The Fields of War Are Changing, for Better or Worse?

The Unmanned Hunters That Rule the Battlefield


An MQ-9 Reaper drone gearing up for takeoff. (Credit: U.S. Air Force)

Imagine you’re playing the latest first-person shooter video game. The game revolves around you and your team using modern weaponry to kill enemy players. You’ve just rounded a corner and with a few skillful shots from your weapon, you’ve dispatched one of the enemy. How do you feel? You probably won’t feel a thing. It’s just a video game, after all. The soldiers running around shooting one another aren’t real.

Now imagine yourself behind the controls of a very deadly, long-range strike drone. You’re safe in your chair thousands of miles away from the aircraft, and you just fired a high-payload strike missile into the middle of a residential area. The objective is destroyed, but it takes civilians with it. Now the question is, how do you feel? You’ve just killed tens, maybe more civilians as well as enemy combatants. Do you feel awful? Do you feel nothing?

That is the question many people have asked about the use of drones in the military, and one I’ve asked myself. Recently, militarized drones have played a large role in overseas warfare. It’s a brand new kind of warfare, one that takes the soldier out of the battlefield and places him far out of harm’s way, and precise strikes are possible. However, those two points lie at the very center of the entire debate.

Ever since the war on terror began, drones have played an ever-increasing role in the military. The most common drone, the Predator, is armed to the teeth with high-power missiles and bombs. It was claimed that these drones would be able to pick and choose who will die. But in Scott Shane’s article titled “Drone Strikes Reveal Uncomfortable Truth: U.S. Is Often Unsure About Who Will Die”, Shane states that “Gradually, it has become clear that when operators in Nevada fire missiles into remote tribal territories on the other side of the world, they often do not know who they are killing, but are making an imperfect best guess.” Even with the best intelligence available, drone strikes aren’t 100% certain on eliminating the target. In the same article, he states that “Mr. Obama declared that no strike was taken without “near-certainty that no civilians will be killed or injured.” He added that “nevertheless, it is a hard fact that U.S. strikes have resulted in civilian casualties” and said “those deaths will haunt us as long as we live.” This confirms that even though these drone strikes may seem to be the perfect solution, they are in fact not, and still stand to kill civilians merely by accident.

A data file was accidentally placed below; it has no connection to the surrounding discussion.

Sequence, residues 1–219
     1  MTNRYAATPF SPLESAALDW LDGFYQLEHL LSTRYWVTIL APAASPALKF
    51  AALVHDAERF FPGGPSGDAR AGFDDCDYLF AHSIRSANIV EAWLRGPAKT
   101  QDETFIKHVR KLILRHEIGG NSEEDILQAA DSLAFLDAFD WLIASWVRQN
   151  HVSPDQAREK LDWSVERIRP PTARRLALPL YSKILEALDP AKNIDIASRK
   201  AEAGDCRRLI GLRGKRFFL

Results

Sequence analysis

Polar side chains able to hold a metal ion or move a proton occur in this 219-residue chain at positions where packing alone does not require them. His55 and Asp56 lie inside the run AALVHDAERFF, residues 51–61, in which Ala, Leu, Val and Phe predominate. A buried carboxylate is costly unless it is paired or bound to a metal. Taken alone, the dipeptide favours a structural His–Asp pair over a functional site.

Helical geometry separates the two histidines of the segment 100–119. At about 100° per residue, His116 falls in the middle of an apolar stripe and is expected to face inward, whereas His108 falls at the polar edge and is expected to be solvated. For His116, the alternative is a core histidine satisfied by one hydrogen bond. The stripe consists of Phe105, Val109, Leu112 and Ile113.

An article titled; “The Drone Debate We Are Not Having”, Neania Buehler claims “The ability to engage in military conflicts minus the soldiers on the battlefields creates a kind of virtual reality. If war begins to look like a video game, then decisions to use force will be made flippantly…. Our eyes will glaze over at the sight of war on our televisions, much as they do for the teenage boy glued to his video game console.” This is a very disturbing thought. To think that the bloodbath that is war would be viewed as nothing more than images on a screen is horrifying. These are real lives we are talking about. Lives that are being destroyed, families torn apart. We should absolutely not treat war as a game where nothing is real, and there is no weight on our conscience.

War is war, and we should not treat it as anything but. Lives are taken, and we should not brush that off as if it is nothing. Especially when people who have nothing to do with the situation are caught in the crossfire. Though there is large downsides to using these drones, there is two sides to every story. Finding out if the benefits are worth the cost is key to deciding if this is how we want our military to move forward. For that reason, we should delve deeper into how these drones affect warfare.

Works Cited:

1) Buehler, Neania. “The Drone Debate We Are Not Having.” Modern War Institute. N.p., 08 Dec. 2016. Web. 19 Feb. 2017.

2) Shane, Scott. “Drone Strikes Reveal Uncomfortable Truth: U.S. Is Often Unsure About Who Will Die.” The New York Times. The New York Times, 23 Apr. 2015. Web. 19 Feb. 2017.